It's time for Jets to return home to Long Island
For 41 years, the Jets called their Hofstra training site home, with a lifetime's worth of memories that ran from the fabled Joe Namath era, to the New York Sack Exchange days, to Bill Parcells and Curtis Martin and Vinny Testaverde and Bill Belichick -- that one memorable day as head coach, anyway -- and then to the early days of Brett Favre's forgettable season in New York.
Those bonds grew strong with Jets fans, who had a chance to watch their team up close in training camp and enjoy a front-row seat at the Hempstead campus. It was a chance for fathers and mothers to take their sons and daughters to see and hear and meet these special athletes, in a way that television simply can't transcend. A chance to behold just how powerful and athletic they truly are. A chance to get an autograph or, if they were really lucky, a chinstrap or a sweatband from these larger-than-life players.
Special times for a doggedly loyal fan base that has stayed true to the green-and-white in good times and (mostly) bad, ever since Namath led the team to their only Super Bowl championship.
Many of those fans sent the strongest possible message on Thursday that the Jets ought to re-connect with their Long Island roots and return to the heart of their fan base for their summer-long training camp. An estimated 11,000 fans streamed into Shuart Stadium to watch the Jets' final practice session before their annual preseason game against the Giants on Friday night at MetLife Stadium.
It is time to re-create the memories that lasted nearly half a century on Long Island. It is time for the Jets to move back home for training camp.
"When you look at 11,000 coming for one day, one practice, they're sending a serious message to the Jets that they want the team to come back here," said former Jets defensive end Marty Lyons, who came to the team in 1979 as a first-round draft pick out of Alabama and never left. Lyons, who played until 1989, lives in Smithtown and has connected with the community the way many other Jets players have over the years.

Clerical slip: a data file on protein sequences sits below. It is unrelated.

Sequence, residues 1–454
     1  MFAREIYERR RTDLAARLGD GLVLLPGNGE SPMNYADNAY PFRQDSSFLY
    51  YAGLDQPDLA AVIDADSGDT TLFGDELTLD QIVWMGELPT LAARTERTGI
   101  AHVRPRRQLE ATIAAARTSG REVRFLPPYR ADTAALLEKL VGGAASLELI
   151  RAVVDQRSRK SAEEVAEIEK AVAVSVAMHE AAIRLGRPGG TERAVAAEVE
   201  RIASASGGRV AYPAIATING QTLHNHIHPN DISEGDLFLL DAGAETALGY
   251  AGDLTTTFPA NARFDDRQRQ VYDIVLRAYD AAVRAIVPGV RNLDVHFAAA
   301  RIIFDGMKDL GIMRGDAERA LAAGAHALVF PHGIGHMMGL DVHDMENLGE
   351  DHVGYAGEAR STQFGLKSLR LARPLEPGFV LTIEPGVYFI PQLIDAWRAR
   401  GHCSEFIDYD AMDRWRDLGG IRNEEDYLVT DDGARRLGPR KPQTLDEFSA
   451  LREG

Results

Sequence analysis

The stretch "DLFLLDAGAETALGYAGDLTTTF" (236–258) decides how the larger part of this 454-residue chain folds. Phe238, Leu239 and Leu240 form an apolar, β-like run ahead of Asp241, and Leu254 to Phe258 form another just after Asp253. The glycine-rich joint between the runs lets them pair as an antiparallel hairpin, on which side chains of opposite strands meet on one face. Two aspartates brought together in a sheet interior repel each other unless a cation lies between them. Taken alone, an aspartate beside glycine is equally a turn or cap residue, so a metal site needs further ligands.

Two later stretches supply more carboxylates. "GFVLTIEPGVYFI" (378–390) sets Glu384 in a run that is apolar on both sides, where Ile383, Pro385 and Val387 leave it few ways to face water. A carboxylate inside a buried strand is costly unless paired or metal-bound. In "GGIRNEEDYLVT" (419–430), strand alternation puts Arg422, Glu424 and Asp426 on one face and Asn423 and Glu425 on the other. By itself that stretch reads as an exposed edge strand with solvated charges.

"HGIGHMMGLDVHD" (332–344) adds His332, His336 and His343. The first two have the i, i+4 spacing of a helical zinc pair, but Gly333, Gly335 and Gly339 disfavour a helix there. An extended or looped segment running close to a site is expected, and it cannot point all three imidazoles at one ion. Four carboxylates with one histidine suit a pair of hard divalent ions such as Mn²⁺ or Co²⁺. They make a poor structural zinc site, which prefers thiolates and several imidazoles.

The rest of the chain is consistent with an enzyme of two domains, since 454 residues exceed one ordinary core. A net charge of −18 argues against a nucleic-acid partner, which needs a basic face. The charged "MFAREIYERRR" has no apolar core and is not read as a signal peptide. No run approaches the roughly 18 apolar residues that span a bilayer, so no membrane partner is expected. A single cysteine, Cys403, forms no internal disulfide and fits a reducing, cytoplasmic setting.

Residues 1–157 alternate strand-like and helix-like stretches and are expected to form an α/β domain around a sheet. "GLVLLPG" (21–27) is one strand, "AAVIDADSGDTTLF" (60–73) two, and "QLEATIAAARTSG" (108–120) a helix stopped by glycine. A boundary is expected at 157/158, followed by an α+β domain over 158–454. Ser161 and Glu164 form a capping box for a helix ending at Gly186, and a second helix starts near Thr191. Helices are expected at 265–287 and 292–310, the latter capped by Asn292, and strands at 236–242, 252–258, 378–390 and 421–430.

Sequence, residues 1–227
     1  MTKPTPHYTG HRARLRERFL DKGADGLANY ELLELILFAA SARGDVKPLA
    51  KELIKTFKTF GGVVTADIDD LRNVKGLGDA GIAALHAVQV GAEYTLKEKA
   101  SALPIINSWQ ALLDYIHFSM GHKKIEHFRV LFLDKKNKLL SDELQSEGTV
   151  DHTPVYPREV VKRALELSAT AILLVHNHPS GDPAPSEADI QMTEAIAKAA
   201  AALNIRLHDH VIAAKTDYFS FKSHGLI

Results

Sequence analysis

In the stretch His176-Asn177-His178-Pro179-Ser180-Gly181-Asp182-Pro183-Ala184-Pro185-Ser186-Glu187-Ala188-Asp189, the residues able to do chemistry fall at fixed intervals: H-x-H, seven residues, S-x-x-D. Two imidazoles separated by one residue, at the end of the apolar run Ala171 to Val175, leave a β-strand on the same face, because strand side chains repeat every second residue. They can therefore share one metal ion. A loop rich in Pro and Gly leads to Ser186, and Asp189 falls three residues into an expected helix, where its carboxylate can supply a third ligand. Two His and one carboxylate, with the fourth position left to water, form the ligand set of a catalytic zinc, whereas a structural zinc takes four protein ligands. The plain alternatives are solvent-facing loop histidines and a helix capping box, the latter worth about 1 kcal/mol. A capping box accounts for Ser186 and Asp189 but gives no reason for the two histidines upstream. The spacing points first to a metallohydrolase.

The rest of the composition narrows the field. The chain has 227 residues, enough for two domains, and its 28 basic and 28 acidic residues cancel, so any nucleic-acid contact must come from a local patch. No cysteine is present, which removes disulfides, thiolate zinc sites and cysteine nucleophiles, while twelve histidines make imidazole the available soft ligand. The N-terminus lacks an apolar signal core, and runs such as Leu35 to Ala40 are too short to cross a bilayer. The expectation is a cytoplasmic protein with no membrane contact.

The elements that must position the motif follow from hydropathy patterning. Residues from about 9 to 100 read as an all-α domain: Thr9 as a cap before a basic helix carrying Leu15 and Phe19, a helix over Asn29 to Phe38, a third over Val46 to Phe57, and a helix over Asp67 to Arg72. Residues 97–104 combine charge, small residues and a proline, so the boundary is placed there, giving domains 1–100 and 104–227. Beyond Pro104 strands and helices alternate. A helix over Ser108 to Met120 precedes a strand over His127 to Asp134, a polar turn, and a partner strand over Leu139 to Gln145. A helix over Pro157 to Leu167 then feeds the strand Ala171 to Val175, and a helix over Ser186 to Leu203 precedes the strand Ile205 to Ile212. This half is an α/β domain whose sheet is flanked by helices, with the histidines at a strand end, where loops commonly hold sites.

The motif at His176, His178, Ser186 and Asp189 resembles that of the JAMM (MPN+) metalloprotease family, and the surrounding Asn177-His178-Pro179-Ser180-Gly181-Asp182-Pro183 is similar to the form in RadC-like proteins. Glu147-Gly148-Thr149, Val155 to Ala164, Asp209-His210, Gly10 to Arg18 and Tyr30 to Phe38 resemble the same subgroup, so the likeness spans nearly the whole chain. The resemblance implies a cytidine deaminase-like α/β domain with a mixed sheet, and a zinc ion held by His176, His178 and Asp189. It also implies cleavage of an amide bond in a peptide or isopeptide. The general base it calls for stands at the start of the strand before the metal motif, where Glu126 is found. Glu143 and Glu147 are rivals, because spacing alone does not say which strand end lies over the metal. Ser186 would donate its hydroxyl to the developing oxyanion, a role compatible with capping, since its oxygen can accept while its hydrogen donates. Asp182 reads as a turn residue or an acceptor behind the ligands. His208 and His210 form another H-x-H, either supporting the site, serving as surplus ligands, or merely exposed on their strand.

"I've always told the players when they get drafted that you have to identify with the fans, let them know who you are besides your name and number," said Lyons, who does color commentary for the Jets' ESPN radio broadcasts. "I stayed up here year-round and I got to know the people of Long Island. When we started the , they were the first people that reached out and asked, 'How can we help?' They wanted to help me, the person, not the football player."
Lyons now hopes the Jets, who seriously are considering a move from their upstate Cortland training camp digs to Farmingdale State, where the school's central location and infrastructure would make a move to Long Island a can't-lose proposition.
"I think the Jets would love to come back out, especially since the majority of their fan base makes the trip from Nassau, Suffolk and Queens to MetLife Stadium to see the games," Lyons said. "It's a nice way of bringing the team back home."
It makes sense at every level:
A large segment of the fan base would get to experience practice on a regular basis, unlike the handful that attend practices in Cortland, a prohibitively long drive for most. There is simply nothing like the experience of watching a professional football team in camp, and the powerful connections that are made often last a lifetime. Fans become much more invested in a team when they can see the players in person.
The financial benefits for the team can be immense. Re-connecting with Long Island, where there is peak interest in the team, will no doubt translate to increased season tickets and sale of personal seat licenses.
There would be a positive economic impact to the local community, which offers restaurants, shopping and entertainment.
And, from a purely football perspective, the team would have the opportunity to live on campus and form the kind of bonds that Rex Ryan likes to see from his players. That's why Ryan prefers taking his team away to Cortland; at Farmingdale State, it may be closer to the team's home training complex, but it's still far enough away for Ryan to promote his team-building environment. Ryan and general manager John Idzik joined their fathers, both of them former Jets' assistant coaches, and experienced firsthand just how special the Long Island connection was.
Now it's time the Jets listen to what those 11,000 fans were telling them Thursday night. Now it's time for them to come back home.